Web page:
Multiple information conservation mechanisms are at work in all living organisms, ranging from natural selection eliminating the unfit, through various reproductive and chromosomal controls, to error correction routines and DNA repair mechanisms, including (it appears) restoration from non-DNA sources. As a result, many, if not most, genes are ‘evolutionarily conserved’, meaning that they are very similar in many unrelated organisms, both ‘simple’ and complex, modern and ancient. Many genes in the assumed earliest forms of life are very similar to those in the most advanced forms. These facts argue strongly against gene duplication as a mechanism of evolution, because they indicate that most genes were optimally functional from the beginning.
The proposition that large scale evolution has occurred via gene duplication is contradicted by numerous lines of evidence. Little evidence currently exists to support the belief that gene duplication is a significant source of new genes, supporting one University of South Carolina molecular evolutionist’s conclusion that scientists can not ‘prove that [genome duplication] didn’t happen, but [if it did], it didn’t have a major impact. … For me, it’s a dead issue’.10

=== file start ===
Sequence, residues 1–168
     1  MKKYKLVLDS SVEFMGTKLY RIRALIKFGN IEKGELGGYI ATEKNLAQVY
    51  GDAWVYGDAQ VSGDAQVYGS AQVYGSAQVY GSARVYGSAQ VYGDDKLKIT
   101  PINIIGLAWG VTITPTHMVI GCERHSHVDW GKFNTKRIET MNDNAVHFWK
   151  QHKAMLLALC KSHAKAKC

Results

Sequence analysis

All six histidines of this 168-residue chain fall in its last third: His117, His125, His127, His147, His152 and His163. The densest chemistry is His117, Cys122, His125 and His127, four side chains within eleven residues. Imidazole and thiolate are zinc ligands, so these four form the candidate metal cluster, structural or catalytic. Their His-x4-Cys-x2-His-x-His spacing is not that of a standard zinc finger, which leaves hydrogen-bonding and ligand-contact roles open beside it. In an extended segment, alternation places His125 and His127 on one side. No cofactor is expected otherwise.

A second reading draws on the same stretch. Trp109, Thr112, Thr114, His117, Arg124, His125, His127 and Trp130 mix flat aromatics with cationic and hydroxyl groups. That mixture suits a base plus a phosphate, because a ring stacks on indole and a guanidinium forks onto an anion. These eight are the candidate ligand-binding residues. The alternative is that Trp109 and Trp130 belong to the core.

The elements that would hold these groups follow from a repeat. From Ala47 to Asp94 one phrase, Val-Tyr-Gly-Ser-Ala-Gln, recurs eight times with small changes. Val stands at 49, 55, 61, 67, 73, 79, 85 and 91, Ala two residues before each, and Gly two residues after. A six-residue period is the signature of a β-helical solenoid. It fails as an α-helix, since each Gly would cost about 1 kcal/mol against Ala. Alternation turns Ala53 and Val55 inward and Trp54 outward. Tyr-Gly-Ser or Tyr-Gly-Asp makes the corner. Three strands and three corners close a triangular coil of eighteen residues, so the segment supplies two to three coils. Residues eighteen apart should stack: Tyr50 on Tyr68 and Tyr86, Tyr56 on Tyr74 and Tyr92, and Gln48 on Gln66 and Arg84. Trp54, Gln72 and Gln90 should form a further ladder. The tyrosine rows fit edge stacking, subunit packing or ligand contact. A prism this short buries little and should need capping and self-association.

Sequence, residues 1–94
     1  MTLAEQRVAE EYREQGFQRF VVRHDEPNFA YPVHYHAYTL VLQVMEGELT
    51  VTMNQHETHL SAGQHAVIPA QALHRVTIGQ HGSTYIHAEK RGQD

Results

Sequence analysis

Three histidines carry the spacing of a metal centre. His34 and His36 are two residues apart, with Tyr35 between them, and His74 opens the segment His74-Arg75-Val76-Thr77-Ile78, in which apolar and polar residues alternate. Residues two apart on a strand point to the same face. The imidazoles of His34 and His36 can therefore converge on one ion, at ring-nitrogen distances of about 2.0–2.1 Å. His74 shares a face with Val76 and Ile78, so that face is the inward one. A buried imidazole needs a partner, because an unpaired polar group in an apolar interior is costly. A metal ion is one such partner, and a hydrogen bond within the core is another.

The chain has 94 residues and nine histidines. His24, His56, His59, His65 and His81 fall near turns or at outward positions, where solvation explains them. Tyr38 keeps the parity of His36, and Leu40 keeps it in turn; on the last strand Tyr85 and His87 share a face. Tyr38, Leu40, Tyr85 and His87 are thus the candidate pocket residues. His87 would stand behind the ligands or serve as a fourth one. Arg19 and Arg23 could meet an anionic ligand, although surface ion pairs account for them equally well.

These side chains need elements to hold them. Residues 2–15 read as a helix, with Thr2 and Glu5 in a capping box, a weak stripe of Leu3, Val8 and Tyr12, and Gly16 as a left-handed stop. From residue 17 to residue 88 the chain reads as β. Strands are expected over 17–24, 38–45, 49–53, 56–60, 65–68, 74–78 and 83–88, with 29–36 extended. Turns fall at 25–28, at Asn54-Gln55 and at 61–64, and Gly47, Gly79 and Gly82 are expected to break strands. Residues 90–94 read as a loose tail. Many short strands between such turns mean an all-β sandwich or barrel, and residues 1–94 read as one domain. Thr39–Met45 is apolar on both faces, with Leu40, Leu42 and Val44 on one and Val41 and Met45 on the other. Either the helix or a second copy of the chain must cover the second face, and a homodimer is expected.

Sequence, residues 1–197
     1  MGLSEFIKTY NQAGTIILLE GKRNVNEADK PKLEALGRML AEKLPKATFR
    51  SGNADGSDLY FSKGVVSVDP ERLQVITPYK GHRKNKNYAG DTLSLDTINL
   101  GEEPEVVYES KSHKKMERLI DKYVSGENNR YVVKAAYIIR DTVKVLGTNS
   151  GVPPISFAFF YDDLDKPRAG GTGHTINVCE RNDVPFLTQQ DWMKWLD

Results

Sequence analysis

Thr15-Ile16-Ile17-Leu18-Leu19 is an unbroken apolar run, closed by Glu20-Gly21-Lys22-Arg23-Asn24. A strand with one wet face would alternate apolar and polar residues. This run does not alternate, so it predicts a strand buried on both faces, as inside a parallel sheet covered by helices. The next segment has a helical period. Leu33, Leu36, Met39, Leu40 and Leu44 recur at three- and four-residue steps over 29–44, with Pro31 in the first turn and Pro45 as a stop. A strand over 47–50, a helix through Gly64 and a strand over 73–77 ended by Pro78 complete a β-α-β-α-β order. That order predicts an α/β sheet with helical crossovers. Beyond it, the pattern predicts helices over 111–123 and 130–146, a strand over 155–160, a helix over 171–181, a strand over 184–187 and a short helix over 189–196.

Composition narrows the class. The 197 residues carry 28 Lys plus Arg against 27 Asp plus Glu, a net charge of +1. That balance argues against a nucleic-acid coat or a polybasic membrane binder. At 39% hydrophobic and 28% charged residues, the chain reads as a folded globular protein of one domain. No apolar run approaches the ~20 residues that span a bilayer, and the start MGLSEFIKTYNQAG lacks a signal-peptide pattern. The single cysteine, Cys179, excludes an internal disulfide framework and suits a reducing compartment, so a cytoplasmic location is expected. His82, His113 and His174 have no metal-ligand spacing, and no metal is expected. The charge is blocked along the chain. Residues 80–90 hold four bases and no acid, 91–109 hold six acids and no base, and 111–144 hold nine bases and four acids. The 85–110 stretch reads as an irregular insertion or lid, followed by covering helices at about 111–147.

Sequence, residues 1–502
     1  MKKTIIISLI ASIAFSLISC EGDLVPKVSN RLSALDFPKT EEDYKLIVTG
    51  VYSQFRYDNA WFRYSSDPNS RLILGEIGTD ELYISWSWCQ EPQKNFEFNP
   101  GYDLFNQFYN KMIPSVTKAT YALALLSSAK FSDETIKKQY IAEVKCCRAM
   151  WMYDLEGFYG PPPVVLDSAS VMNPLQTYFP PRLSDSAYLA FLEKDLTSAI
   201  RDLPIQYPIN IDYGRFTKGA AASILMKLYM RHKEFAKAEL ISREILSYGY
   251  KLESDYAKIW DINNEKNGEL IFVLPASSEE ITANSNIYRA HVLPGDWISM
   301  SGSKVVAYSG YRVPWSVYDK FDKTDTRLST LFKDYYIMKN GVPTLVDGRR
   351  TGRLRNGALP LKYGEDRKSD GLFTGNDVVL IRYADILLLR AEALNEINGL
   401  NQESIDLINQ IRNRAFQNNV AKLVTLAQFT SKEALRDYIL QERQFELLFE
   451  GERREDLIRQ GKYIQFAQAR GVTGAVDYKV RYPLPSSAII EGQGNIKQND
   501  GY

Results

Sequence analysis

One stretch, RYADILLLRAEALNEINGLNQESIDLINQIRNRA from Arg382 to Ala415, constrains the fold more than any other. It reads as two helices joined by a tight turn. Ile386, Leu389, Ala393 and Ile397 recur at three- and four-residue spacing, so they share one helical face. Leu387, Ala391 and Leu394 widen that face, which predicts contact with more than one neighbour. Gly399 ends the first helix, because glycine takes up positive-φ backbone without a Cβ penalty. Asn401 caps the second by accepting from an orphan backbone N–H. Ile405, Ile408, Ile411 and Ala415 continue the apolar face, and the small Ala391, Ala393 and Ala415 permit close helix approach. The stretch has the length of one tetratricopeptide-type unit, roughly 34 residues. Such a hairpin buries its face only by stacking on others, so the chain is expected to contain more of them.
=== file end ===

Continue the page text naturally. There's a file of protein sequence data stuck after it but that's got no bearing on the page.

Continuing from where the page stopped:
It also is clear that the evidence for gene duplication at present is totally inferential, and not empirical or experimental. Chromosome duplication can produce useable variety—but only within what are most likely created kinds—in plants and invertebrates, and single gene duplication appears to do likewise in rare cases in vertebrates, but otherwise gene duplication generally causes disease and deformity. The existing experimental evidence does not support gene duplication as a source of new genes for at least populations of fewer than one billion.30 According to Hughes, ‘Everything we’ve looked at [fails to] support the hypothesis.’39 Darwinists promote gene duplication as an important means of evolution, not because of the evidence, but because they see no other viable mechanism to produce the required large number of new functional genes to turn a microbe into a microbiologist. In other words, evolution by gene-duplication is yet another example of just-so story-telling.
Cliff Lillo, Wayne Frair, and Bert Thompson.
- Pennisi, E., Genome duplications: the stuff of evolution? Science 294:2458–2460, 2001. Return to Text.